As for Aurora (that I would like to read, especially after Bormgan’s recent recommendation), while I can understand the author’s plea about taking care of our planet, because – for the time being – it is the only home we have, I can’t accept his point of view that we should never leave our… cradle – if that is what I understand he’s saying in this book. Because we need to remember that this “home” will not last forever, that in a far distant future our sun will go out and if we will not have found another home, or many other homes, all that we are and we have achieved will be lost forever. IMHO, of course…

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    • It might have been that yes, I’m glad I read it, it’s not a classic dystopian for nothing but I think I expected too much from it because of that. It’s a book I will probably reread in the future because it might grow on me with time!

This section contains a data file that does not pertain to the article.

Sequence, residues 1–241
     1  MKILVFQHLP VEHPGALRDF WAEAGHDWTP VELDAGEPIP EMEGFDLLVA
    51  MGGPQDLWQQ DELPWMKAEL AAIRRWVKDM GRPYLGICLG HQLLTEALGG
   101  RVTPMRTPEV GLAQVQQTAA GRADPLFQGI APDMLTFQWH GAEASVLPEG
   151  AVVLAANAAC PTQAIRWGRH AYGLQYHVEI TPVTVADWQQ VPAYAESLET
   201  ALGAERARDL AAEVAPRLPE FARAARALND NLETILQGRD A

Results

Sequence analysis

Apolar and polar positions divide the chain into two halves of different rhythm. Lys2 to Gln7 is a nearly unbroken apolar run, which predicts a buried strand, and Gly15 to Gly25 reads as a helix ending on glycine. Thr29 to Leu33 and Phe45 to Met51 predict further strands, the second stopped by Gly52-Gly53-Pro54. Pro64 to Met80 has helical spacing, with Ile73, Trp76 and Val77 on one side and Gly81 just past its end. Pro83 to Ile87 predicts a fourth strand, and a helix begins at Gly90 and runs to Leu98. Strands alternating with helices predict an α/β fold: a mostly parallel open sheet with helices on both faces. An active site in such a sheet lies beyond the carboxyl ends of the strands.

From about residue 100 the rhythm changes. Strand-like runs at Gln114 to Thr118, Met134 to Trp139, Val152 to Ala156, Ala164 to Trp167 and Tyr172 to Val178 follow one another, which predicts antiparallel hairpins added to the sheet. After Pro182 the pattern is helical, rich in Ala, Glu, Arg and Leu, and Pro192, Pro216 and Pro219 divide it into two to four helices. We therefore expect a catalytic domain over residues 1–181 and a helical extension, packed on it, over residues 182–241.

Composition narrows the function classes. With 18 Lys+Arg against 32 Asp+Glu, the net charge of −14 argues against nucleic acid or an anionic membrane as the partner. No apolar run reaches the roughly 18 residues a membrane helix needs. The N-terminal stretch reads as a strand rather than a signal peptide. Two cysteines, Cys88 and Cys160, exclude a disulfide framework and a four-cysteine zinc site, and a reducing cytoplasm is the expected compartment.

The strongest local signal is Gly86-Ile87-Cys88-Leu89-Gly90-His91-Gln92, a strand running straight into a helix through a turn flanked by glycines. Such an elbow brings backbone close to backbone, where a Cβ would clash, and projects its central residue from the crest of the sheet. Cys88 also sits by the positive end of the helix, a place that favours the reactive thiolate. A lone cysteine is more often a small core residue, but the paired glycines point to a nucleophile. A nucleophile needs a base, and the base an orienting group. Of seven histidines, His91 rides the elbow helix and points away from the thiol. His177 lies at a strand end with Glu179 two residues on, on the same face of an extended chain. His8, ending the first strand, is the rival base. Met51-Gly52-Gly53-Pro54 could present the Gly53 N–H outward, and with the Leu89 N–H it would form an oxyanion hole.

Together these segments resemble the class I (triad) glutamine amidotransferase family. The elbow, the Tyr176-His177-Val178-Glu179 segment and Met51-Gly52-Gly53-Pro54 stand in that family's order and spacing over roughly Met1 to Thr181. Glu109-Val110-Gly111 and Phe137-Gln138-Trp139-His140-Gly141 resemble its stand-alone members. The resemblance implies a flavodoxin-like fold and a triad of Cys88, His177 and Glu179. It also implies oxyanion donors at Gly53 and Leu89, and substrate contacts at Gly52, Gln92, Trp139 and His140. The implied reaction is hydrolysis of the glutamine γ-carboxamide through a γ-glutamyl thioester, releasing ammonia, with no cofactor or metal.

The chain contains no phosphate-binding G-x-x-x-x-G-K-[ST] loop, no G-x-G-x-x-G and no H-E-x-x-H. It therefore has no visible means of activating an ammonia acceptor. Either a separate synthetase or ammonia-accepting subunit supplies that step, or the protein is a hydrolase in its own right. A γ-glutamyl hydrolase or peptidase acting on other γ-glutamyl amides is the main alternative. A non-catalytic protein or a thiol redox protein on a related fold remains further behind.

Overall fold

I would love to read your review if you read it, I think it’s an important SF books and that is worth the hype. It didn’t work for me but it didn’t left me indifferent and I am still thinking about it weeks after reading it.

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  4. I have a copy of Aurora that I just never got around to reading. I still would like to, so I kept it, but it just moves farther back on my list every day it seems. I do want to read Handmaiden’s Tale still and in fact I am kind of embarrassed that I have not.

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    • The Handmaid’s Tale was a book I wanted to read for years but that I never seem to make time for, when I saw it was going to be turned into a TV show and that Tor.com was doing a read-a-long of it, it finally gave me the push to read it and I am glad I did! I have many books that I am kind of embarrassed I haven’t read too, I still haven’t read any Le Guin or Cherryh for example and I need to remedy that soon!